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New Jersey Division of Youth and Family Services v. E.D.H

April 11, 2012

NEW JERSEY DIVISION OF YOUTH AND FAMILY SERVICES, PLAINTIFF-RESPONDENT,
v.
E.D.H., DEFENDANT-APPELLANT.
IN THE MATTER OF D.D. AND R.H., MINORS



On appeal from Superior Court of New Jersey, Chancery Division, Family Part, Ocean County, Docket No. FN-15-109-09.

Per curiam.

RECORD IMPOUNDED

NOT FOR PUBLICATION WITHOUT THE APPROVAL OF THE APPELLATE DIVISION

Submitted March 5, 2012

Before Judges Parrillo and Grall.

E.D.H., the biological mother of D.D. and R.H., appeals from a dispositional order entered in a proceeding commenced by the Division of Youth and Family Services (Division) in the exercise of its authority to protect children under provisions of Title 9, N.J.S.A. 9:6-8.8 to -8.73, and Title 30, N.J.S.A. 30:4C-11 to -24. The order placed D.D. in the custody of her biological father, C.D., and terminated the proceedings. Because the court entered those orders on the mistaken assumption that E.D.H. had stipulated to abuse and neglect of D.D., we reverse and remand for further proceedings.

The Division received the referral that led to this litigation on October 31, 2008. The reporter advised that E.D.H., who was pregnant, did not look healthy and had tested positive for cocaine and admitted substance abuse. At that time, twelve-year-old D.D. was living with E.D.H. and W.H., the expectant father.

E.D.H. told the Division's caseworker that she took medication prescribed for her Bipolar Disorder but, with the exception of "a hit of pot" two months earlier, had not taken any other drugs. On the caseworker's request, E.D.H. signed a case plan agreeing to keep her home free of "abuse, neglect and substance abuse."

On December 1, 2008, the Division filed a complaint and order to show cause seeking responsibility for the care and supervision of D.D. D.D.'s father, C.D., who lived with E.D.H. until D.D. was two years old, was named in the Division's complaint. The court granted the Division's request, placed D.D. in the residential custody of her maternal grandparents, and scheduled a hearing on the order to show cause for January 2, 2009. C.D. appeared at the hearing. At that time, C.D. was living with his mother in a four-bedroom house. He asserted that he was ready, willing and able to care for D.D.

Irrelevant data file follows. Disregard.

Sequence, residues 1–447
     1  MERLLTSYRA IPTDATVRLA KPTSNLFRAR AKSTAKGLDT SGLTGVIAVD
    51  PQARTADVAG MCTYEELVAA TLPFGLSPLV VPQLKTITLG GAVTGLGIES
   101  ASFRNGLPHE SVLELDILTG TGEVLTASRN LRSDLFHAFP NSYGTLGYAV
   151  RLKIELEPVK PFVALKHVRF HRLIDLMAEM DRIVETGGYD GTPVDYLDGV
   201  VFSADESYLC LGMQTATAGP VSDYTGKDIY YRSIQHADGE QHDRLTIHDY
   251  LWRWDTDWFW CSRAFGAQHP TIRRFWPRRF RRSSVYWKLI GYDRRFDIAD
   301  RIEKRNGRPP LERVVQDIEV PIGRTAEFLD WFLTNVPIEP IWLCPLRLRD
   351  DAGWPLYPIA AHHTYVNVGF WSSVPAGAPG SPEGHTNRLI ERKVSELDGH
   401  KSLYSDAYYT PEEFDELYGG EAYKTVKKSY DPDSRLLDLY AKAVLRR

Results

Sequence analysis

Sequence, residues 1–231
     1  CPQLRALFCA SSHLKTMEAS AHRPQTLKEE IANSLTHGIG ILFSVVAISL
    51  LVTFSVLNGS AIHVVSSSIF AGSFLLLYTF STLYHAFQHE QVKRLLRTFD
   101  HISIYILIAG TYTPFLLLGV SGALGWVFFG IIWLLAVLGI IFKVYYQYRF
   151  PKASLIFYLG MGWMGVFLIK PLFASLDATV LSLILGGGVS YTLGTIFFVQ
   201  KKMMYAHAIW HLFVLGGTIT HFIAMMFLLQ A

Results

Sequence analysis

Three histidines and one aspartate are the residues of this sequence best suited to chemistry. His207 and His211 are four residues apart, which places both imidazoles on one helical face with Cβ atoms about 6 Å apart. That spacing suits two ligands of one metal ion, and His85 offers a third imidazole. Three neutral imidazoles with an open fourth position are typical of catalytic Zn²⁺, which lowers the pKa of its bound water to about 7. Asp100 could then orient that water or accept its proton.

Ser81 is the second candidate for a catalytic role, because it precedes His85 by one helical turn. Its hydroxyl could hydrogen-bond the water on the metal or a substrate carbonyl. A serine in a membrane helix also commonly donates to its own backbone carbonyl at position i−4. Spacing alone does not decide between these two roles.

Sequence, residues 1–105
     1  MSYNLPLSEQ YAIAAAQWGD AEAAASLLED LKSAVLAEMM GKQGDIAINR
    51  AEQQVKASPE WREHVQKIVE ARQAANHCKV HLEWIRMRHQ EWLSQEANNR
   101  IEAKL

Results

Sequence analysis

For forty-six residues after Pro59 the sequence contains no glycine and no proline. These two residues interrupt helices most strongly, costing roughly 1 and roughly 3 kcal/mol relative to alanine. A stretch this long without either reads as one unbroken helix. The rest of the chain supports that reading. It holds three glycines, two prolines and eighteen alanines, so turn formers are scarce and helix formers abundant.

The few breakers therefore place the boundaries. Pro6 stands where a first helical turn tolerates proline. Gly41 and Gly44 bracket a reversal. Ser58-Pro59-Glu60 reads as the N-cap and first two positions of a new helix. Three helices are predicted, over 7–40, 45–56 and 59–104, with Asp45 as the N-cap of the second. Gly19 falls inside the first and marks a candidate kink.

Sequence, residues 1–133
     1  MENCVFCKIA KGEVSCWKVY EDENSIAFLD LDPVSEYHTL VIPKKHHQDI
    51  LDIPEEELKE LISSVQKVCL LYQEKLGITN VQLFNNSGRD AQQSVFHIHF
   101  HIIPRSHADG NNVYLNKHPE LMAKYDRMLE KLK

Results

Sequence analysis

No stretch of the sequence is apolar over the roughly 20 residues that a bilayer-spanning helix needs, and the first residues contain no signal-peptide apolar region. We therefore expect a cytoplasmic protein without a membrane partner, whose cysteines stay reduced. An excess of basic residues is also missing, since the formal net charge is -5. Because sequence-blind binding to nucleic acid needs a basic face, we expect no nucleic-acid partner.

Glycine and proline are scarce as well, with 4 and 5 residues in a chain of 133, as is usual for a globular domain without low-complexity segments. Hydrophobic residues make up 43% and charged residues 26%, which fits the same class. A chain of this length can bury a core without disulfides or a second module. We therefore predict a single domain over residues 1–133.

E.D.H. did not attend because she had given birth to R.H. days earlier. At his birth, R.H. was "lifeless, with no pulse," but he was revived and transported to a neonatal intensive care unit at another hospital, where he was prescribed methadone to address his withdrawal symptoms.

E.D.H. and W.H. married on January 2, 2009. On January 6, the Division amended its complaint to include R.H., and on January 7, the court granted the Division responsibility for the care and custody of R.H., who was still hospitalized. The court also directed the Division to consider whether D.D. could be placed with C.D. Subsequently, in August 2009, the court gave the Division approval to place D.D. with C.D.

Although the Division was scheduled to prove its allegations of abuse and neglect at a "fact-finding hearing," N.J.S.A. 9:6-8.44, on March 25, 2009, E.D.H. agreed to stipulate that she had abused and neglected R.H. The Division reported that there would be "a stipulation under Title 9" from E.D.H.*fn1

E.D.H.'s attorney stressed that her stipulation would relate "only to the newest child, [R.H.]." Thereafter, E.D.H. was placed under oath, and testified as follows:

Q: You realize we're here for a fact-finding hearing, a trial, where the Division would have the obligation of proving the case, that they present witnesses, I would have an opportunity as your attorney to cross-examine witnesses and we could ...


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